County Hospitality Tax could be a home run for Recreation & Tourism


By Stan Welch

Interest appears to be growing in a potential county wide implementation of a two per cent hospitality tax for Anderson County. Several members of the County council have included a discussion of such a tax on the agendas of the town hall meetings they are holding across the county.

Councilwoman Cindy Wilson hosted such a meeting last week and the hospitality tax, which applies to prepared foods and beverages, was a topic of lively debate. Several representatives of the Imagine Anderson recreational committee were on hand to explain and to push the tax, extolling the results that the various municipalities in the county have seen from their individual hospitality taxes.

Williamston, for example, collects tens of thousands of dollars each year; money used for recreation and to promote tourism. Recent improvements to the Mineral Spring Park were funded by those revenues. West Pelzer has pledged a significant portion of its future collections to leverage the construction of the Chapman Park.

The new proposal is to extend the two per cent tax on all prepared foods purchased to the unincorporated areas of the county. Currently, many of the restaurants along the interstate are exempt from the tax. Estimates are that the countywide tax could generate as much as $3 million a year.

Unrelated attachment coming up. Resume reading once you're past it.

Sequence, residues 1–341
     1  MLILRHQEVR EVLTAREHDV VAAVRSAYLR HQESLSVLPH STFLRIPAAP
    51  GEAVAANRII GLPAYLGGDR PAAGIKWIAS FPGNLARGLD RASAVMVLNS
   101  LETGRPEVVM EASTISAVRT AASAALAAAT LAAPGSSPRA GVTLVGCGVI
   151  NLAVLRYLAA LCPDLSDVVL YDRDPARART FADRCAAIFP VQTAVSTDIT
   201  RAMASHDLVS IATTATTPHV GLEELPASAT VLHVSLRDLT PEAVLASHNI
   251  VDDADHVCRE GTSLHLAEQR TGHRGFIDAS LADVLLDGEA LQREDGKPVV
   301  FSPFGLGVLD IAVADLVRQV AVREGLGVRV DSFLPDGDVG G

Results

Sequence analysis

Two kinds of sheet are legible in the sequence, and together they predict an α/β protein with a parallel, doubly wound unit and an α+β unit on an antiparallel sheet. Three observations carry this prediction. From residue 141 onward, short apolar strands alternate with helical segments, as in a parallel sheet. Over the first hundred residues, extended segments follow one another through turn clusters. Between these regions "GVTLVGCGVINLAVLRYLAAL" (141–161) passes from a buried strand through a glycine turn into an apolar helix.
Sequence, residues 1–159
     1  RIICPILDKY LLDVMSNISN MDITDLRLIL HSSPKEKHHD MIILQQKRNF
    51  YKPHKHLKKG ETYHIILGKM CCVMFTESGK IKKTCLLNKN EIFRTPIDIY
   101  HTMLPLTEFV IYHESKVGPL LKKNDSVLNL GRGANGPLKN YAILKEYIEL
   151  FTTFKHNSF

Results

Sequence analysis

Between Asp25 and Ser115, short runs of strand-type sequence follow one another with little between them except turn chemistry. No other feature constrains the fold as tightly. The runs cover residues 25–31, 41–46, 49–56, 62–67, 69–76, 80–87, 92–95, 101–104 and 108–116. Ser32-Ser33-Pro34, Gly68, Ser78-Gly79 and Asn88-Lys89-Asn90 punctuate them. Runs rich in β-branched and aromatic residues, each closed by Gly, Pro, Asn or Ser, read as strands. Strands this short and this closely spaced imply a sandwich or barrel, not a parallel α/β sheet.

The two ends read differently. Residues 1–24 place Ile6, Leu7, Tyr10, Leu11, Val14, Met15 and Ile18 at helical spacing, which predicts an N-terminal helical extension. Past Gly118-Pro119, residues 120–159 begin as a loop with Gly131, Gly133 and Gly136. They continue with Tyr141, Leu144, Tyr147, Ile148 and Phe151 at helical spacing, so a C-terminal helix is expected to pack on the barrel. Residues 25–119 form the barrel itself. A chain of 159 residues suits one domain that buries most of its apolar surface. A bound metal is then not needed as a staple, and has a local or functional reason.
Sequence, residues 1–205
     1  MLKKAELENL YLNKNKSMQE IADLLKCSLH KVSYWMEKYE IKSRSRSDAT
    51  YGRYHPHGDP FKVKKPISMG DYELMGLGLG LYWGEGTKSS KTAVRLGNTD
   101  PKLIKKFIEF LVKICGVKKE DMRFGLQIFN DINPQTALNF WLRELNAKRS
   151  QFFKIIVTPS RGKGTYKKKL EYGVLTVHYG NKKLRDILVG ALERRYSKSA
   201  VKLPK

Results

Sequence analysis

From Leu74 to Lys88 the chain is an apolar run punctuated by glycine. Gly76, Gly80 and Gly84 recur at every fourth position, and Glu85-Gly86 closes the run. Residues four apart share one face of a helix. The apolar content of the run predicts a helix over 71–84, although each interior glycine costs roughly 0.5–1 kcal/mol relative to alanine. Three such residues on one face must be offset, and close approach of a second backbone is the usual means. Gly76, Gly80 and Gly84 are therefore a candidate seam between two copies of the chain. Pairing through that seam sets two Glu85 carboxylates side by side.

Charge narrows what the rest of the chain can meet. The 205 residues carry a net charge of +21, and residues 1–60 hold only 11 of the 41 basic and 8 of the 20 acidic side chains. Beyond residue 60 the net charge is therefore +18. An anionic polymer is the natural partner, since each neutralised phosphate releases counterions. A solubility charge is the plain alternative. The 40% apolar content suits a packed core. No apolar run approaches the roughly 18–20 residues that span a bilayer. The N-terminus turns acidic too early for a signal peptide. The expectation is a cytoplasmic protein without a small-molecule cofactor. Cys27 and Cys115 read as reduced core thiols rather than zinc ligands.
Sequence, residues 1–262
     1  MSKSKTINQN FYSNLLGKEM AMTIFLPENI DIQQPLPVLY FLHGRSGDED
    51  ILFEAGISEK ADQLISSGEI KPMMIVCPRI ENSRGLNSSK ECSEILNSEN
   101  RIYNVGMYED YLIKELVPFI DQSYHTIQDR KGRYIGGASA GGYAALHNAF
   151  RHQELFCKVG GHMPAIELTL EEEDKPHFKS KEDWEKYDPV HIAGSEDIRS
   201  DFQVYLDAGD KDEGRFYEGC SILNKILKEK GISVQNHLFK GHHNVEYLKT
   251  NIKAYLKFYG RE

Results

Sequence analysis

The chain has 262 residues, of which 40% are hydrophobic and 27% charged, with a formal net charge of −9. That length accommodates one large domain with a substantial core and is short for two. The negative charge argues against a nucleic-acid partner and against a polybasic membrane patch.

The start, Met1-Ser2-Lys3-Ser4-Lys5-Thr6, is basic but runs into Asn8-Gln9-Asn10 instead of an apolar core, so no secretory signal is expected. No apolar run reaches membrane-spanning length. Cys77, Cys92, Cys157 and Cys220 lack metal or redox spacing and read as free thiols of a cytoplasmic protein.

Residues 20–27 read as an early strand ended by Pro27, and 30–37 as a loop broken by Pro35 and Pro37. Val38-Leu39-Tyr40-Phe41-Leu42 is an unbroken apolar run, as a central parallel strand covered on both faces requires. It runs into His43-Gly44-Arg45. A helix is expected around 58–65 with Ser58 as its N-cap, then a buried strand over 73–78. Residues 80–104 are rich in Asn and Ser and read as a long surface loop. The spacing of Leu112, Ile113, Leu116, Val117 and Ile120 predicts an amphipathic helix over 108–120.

There is some confusion about the details of the tax. For starters, not every recreation provider would automatically qualify for a share of the funds. The main purpose of the tax is to assist operations that attract tourism and promote recreation.

Within that context, funds can be used to construct appropriate facilities, infrastructure to improve or provide access to those facilities, and under certain conditions, to maintain such facilities.

For example, Anderson County does not collect in excess of $900,000 in accommodations taxes (a tax levied on accommodations and lodging) per year, so only fifty per cent of hospitality tax revenues are available for use in maintenance and upkeep of existing facilities, rather than one hundred per cent.

Some opponents of the tax are likening it to a one cent local option general sales tax proposed several years ago, despite fundamental differences in the two taxes.

The local option sales tax would have funded a list of infrastructure projects included in the ballot. The hospitality tax will be allocated to various existing and eligible recreation providers, such as municipal recreation departments, youth leagues, and others.

For example, if a youth association wanted to host a softball tournament that would attract participants and spectators from outside a thirty mile radius, they would be eligible for funds.

The tax can be enacted by the same process as any other county ordinance: three readings and approvals by a positive majority of the Council, accompanied by a public hearing at one of those readings. Some Council members appear to favor putting the question to a referendum, including Councilwoman Cindy Wilson.

District Six Councilman Ken Waters has scheduled a town hall meeting to be held at the Powdersville Library Thursday evening , while Ms. Wilson and Councilman Eddie Moore will cohost a meeting at the Honea Path Town Hall next Tuesday at 7 p.m.